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‘As a 64-Year-Old-Trainer, These Are the 4 Things I Would Never Do at the Gym Anymore’

A senior woman with cropped gray hair sitting against a wall on a yoga mat with hand weights beside her, to illustrate exercise advice for seniors

Photo: Getty Images/FreshSplash

Over the past 30 years, Liz Fichtner has been a Tae Kwon Do competitor, a bikini-wearing competitive bodybuilder, and a fitness instructor. Now 64, exercise remains a huge part of the Crunch group fitness teacher’s life. But her relationship with movement has changed.

“You don’t have to prove anything to anybody anymore,” Fichtner says of exercising in her sixties. “You don’t have to prove that you’re a badass. It’s focused on feeling good in who you are.”

“The beauty that comes with age is we know what’s right. We know what feels good in the body.” —Liz Fichtner

Today, her workout routine includes walking, lifting weights, dancing, doing yoga, or engaging in a variety of activities that will help her stay fit and mobile far into the future. But she also bears her limits in mind.

“I’m being true to myself and where I’m at and being happy in the stage that I’m at,” Fichtner says. “I do things that [make me] feel proud of myself, and I can still extract confidence in who I am and still becoming.”

Try Fichtner’s pre-walking workout to put your best foot forward:

Boost Your Mobility: Pre-Walking Exercise for Seniors | Trainer of the Month Club | Well+Good

A 64-year-old trainer’s exercise tips for seniors

Fichtner doesn’t think any specific movements or goals should be universally off limits for somebody just because they’re of a certain age. “Because there are people that are amazing that still are doing really high plyometric box jumps at this age,” she points out.


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However, the reality of aging does mean joints are more sensitive, there is a tendency toward lower muscle mass and bone density, and that the biological factors that contribute to balance (such as vision and the vestibular system) start to decline. So when you’re exercising in your sixties and beyond, you need to proceed with a little more caution and care than you might have in prior decades. Mostly, Fichtner just thinks that goals need to be more individually tailored to strengthen your weaknesses, avoid irritating any injuries, and help build up rather than break down your body.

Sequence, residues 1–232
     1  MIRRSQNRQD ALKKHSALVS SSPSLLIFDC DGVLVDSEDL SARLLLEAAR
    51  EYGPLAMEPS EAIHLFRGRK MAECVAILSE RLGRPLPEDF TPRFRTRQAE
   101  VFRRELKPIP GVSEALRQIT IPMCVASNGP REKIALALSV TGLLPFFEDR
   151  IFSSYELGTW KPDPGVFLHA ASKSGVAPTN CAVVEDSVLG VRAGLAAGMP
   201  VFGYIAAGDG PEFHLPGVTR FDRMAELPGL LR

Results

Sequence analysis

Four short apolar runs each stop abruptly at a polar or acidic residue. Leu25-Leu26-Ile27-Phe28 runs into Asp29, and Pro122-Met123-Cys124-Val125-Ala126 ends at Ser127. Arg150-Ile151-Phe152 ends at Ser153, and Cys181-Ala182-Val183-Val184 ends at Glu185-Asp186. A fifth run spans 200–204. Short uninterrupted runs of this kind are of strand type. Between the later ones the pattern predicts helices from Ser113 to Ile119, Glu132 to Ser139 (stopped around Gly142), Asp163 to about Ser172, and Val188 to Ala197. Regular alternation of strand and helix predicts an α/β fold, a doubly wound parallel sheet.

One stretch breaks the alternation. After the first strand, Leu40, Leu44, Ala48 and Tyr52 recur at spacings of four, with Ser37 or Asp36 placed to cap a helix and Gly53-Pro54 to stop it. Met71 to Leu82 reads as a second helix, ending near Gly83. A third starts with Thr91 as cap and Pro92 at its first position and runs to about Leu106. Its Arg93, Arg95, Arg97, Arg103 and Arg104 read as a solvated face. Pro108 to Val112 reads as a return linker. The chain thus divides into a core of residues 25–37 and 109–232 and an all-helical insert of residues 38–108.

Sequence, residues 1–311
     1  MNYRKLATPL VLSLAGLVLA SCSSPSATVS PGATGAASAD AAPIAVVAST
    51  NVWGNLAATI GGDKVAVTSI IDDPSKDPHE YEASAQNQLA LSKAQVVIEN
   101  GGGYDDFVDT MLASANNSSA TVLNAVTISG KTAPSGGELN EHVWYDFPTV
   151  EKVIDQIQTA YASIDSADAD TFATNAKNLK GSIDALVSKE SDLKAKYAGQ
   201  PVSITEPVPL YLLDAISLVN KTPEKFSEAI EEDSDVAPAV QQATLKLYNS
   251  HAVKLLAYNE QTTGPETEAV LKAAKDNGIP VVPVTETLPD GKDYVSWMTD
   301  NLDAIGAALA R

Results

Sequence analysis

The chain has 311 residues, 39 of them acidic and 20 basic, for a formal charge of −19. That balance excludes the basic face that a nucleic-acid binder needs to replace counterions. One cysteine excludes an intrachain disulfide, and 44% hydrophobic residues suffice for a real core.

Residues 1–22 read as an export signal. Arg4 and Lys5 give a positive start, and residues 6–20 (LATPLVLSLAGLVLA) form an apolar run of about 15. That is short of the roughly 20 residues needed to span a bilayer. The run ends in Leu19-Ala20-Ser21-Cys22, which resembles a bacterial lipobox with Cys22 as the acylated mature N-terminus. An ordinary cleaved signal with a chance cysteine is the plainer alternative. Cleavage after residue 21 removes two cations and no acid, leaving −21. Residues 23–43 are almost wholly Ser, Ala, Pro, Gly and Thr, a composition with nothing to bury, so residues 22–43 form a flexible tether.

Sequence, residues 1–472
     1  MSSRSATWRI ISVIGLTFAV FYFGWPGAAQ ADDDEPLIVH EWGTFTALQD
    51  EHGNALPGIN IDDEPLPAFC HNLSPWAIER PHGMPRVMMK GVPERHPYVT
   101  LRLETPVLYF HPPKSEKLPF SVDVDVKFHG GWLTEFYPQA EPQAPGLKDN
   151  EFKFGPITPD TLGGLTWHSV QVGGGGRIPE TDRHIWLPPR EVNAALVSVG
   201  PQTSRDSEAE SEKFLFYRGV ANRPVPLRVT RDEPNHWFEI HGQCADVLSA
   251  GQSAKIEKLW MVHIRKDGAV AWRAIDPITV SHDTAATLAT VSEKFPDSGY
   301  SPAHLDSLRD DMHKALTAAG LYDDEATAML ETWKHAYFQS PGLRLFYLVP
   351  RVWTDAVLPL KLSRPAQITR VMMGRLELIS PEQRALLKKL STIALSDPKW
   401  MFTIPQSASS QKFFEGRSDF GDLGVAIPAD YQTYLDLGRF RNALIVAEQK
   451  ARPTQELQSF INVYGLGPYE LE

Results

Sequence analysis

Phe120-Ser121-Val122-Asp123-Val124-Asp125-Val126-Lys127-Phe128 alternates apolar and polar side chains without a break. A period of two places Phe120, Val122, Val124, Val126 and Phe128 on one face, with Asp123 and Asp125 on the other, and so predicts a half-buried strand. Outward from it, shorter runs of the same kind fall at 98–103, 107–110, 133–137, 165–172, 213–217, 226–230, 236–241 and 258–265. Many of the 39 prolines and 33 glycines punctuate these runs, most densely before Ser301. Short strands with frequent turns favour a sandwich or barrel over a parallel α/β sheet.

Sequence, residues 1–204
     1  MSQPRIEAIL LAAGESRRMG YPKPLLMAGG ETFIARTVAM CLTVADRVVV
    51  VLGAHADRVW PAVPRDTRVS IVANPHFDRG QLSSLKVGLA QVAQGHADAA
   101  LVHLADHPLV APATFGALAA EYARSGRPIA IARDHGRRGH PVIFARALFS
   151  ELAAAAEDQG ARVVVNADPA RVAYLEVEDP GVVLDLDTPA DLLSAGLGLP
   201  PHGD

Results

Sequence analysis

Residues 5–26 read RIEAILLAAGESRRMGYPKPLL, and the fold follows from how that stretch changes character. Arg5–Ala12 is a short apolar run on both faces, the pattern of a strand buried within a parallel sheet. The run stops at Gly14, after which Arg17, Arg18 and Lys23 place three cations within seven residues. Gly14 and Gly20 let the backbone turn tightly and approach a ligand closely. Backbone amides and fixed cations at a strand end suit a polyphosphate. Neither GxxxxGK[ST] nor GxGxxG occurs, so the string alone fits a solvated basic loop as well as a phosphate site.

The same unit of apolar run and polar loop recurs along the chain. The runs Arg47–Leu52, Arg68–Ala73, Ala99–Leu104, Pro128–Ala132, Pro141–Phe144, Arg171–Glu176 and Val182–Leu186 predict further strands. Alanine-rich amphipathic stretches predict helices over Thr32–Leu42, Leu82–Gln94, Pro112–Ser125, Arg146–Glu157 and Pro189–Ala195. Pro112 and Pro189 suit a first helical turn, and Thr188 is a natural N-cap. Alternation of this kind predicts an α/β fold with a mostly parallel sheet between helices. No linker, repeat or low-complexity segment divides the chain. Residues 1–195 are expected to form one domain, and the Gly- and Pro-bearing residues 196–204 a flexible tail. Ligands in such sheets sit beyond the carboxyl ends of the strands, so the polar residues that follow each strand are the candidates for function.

“The beauty that comes with age is we know what’s right,” she says. “We know what feels good in the body. You just have to pay attention to it more.”

What she personally doesn’t do anymore

Here’s how Fichtner approaches her own fitness routine, and the things she’s stopped doing as a 64-year-old trainer.

1. Focusing on just one fitness modality

As a former competitive bodybuilder and Tae Kwon Do athlete, Fichtner used to train intensely in these two modalities. But these days, she sees fitness as a more holistic pursuit to keep her body healthy. That means she does a variety of activities that offer different benefits.

“Especially as you’re older, you need to think comprehensively,” Fichtner says. She does strength training to maintain muscle and bone density; yoga to help with mobility, balance, and mental health; and cardio to keep her metabolism burning.

Here, Fichtner shares some of her favorite morning mobility moves:

2. Jumping into something too quickly

Doing something challenging like lifting heavy weights doesn’t need to be a no-go for seniors. But starting at the beginning, and ensuring you have good form, are paramount when you try any new kind of exercise.

“Start light, really focusing on the form and how your body feels, and then progressing once you are able to,” Fichtner says. By beginning conservatively, you’ll be able to track your improvements and avoid injury. “Even at our age, we still like to have that feeling of getting better,” says Fichtner.

3. Spacing out

As we get older, it only becomes even more essential to keep our mind focused while we’re working out in order to avoid injury. For example, Fichtner practices good form while walking to make sure she’s engaging the correct muscles and avoiding falls.

Mindfulness particularly comes into play when she’s working on her balance skills. Not only does it require focus to stay upright when you’re, say, balancing on one leg. But Fichtner says that both building balance-supporting muscles and paying attention to where your body is in space (during any activity) are crucial.

“All it takes is one person to call your name while you’re balancing, and if you don’t have the strength around your ankles or above your knees or in your core, you’re going to fall and then you’re going to break your hip, and then where will you be?” Fichtner says. “Especially as I get older, that’s one of the things where I like to mark my progress and feel really good about where I am—with my balance and balance work.”

4. Comparing yourself to others (and past selves)

Fitness in your sixties is all about meeting yourself where you are at that moment, says Fichtner. That means not trying to do an activity just because someone else at the gym is doing it, or because it was something you were able to do last year, last month, or last week.

“What I don’t do anymore is let my ego in,” Fichtner says. “I love the saying that ‘comparison is a thief of joy,’ and so don’t compare yourself to who you were. Don’t compare to somebody else your age doing seemingly ‘better.’ Just don’t compare.”

Instead, take stock of your achievements, your resolve, and your strength. “Don’t limit yourself to your age,” Fichtner says. “You still need to be a badass in your own right.”

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